Young people in London already know their prospects of buying a place in the city are dim. The average price of a home in the capital is £489,000 ($601,000), which is roughly 14 times the average annual wage in the city. But don’t despair, there is still a way to get on the property ladder (aside from begging for money from Mum and Dad).
That way, it should come as no surprise, is to borrow heavily. But the financial crisis made banks wary of offering large mortgages with small deposits to young borrowers—in 2007, a third of mortgages were worth more than 90% of a home’s purchase price, versus around a tenth today, as Sachin Galaiya, a staff member at the Bank of England, explains in a blog post. Despite this, and government caps on the most aggressive types of home loans, high loan-to-value mortgages are making a comeback among young, first-time buyers in London.
The thing is, the only way people under 30 can afford loans that size is to pay them back over a very long time. The proportion of mortgages that are longer than 30 years has risen to about 65% this year, from around 30% a decade ago.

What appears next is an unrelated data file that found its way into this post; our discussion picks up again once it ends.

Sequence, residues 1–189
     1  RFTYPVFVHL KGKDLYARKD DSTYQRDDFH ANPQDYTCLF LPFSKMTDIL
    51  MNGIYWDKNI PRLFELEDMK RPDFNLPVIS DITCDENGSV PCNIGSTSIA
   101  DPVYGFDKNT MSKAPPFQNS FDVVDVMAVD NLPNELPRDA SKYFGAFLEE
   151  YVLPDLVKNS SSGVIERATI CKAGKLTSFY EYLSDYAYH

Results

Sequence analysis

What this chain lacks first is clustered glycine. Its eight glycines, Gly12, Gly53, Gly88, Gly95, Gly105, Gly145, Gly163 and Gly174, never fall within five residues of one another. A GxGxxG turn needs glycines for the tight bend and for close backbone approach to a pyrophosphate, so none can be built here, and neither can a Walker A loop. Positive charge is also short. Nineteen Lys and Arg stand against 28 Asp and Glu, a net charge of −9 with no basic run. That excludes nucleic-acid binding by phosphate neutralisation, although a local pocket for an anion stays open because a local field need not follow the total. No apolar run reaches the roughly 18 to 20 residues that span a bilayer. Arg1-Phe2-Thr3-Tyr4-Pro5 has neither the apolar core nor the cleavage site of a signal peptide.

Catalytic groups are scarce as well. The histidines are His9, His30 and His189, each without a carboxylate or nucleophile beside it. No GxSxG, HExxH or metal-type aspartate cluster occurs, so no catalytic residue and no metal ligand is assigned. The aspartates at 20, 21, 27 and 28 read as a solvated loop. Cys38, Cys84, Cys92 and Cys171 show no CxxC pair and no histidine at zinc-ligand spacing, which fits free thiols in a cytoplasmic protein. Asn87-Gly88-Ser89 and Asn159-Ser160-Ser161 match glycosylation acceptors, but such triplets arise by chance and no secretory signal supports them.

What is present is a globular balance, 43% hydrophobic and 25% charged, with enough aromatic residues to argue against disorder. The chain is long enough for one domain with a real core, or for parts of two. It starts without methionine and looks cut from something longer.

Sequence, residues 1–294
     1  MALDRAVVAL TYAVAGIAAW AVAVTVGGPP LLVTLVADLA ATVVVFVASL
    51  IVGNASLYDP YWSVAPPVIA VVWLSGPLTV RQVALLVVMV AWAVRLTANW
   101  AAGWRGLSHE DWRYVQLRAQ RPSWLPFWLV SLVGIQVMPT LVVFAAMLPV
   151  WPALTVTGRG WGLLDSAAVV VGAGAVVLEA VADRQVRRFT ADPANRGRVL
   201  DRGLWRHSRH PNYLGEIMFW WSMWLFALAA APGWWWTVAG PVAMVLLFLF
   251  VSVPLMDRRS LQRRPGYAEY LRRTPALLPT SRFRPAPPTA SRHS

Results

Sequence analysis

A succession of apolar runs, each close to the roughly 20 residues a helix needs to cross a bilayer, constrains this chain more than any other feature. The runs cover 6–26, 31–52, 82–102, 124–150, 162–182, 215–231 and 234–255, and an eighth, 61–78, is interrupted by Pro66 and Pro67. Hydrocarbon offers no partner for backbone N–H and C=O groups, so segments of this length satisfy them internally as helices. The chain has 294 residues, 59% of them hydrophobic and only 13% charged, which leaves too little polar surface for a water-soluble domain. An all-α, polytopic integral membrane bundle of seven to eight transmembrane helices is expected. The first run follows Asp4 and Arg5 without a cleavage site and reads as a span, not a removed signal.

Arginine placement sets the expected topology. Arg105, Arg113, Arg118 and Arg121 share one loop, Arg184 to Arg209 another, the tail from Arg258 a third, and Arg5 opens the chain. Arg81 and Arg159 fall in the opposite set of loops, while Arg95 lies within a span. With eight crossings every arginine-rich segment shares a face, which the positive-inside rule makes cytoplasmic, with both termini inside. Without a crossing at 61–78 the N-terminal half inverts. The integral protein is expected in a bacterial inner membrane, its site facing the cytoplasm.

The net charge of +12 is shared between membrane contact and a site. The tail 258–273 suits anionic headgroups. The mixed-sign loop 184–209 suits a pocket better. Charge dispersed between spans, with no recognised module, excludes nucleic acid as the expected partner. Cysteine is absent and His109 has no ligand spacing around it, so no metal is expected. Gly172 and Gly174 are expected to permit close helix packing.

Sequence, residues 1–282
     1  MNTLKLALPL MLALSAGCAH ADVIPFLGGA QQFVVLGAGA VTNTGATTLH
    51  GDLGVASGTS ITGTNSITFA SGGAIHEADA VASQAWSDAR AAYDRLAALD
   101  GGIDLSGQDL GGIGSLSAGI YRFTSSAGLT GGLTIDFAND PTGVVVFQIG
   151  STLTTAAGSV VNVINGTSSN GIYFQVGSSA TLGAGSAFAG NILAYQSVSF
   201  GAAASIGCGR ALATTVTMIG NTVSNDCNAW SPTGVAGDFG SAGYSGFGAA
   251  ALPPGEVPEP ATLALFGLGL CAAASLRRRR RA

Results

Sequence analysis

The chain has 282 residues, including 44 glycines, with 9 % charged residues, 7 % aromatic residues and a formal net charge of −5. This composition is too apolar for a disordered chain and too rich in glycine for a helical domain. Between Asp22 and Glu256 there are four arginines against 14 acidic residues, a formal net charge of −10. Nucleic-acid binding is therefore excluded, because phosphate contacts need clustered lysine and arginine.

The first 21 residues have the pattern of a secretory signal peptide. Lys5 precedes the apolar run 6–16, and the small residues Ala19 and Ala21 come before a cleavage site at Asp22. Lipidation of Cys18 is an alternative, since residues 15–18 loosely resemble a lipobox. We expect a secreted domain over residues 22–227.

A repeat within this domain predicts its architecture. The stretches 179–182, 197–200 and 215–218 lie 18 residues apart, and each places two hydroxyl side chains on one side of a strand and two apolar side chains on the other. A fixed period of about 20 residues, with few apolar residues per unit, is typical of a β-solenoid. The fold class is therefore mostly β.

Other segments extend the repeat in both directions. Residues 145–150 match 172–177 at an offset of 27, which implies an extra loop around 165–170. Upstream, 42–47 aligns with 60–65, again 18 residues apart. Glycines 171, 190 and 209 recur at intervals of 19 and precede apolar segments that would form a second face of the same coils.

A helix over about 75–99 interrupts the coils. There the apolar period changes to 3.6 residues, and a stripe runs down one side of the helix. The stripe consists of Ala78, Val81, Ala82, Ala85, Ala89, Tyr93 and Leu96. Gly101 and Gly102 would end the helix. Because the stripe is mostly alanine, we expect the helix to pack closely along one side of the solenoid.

As Galaiya explains:
Consider someone with £2,000 a month available to spend on a mortgage. At an interest rate of 4.5%, they are able to afford a loan of £360k on a traditional 25-year repayment mortgage. However, by paying the same monthly amount over 35 years rather than 25 years, the person could borrow £63k more.
Once you get past the alarming suggestion that young people in London have £2,000 to spend on monthly mortgage payments, the prospect of voluntarily agreeing to decades more of indebtedness is equally disconcerting. That said, in Sweden and Japan 100-year mortgages are common, Galaiya notes. This is true, but Swedish mortgages work in quirky ways that limit monthly payments and, what’s more, the government trying to get borrowers to reduce the length of their loans amid concerns about soaring private debt levels. And in both Sweden and Japan, interest rates are substantially lower than in the UK.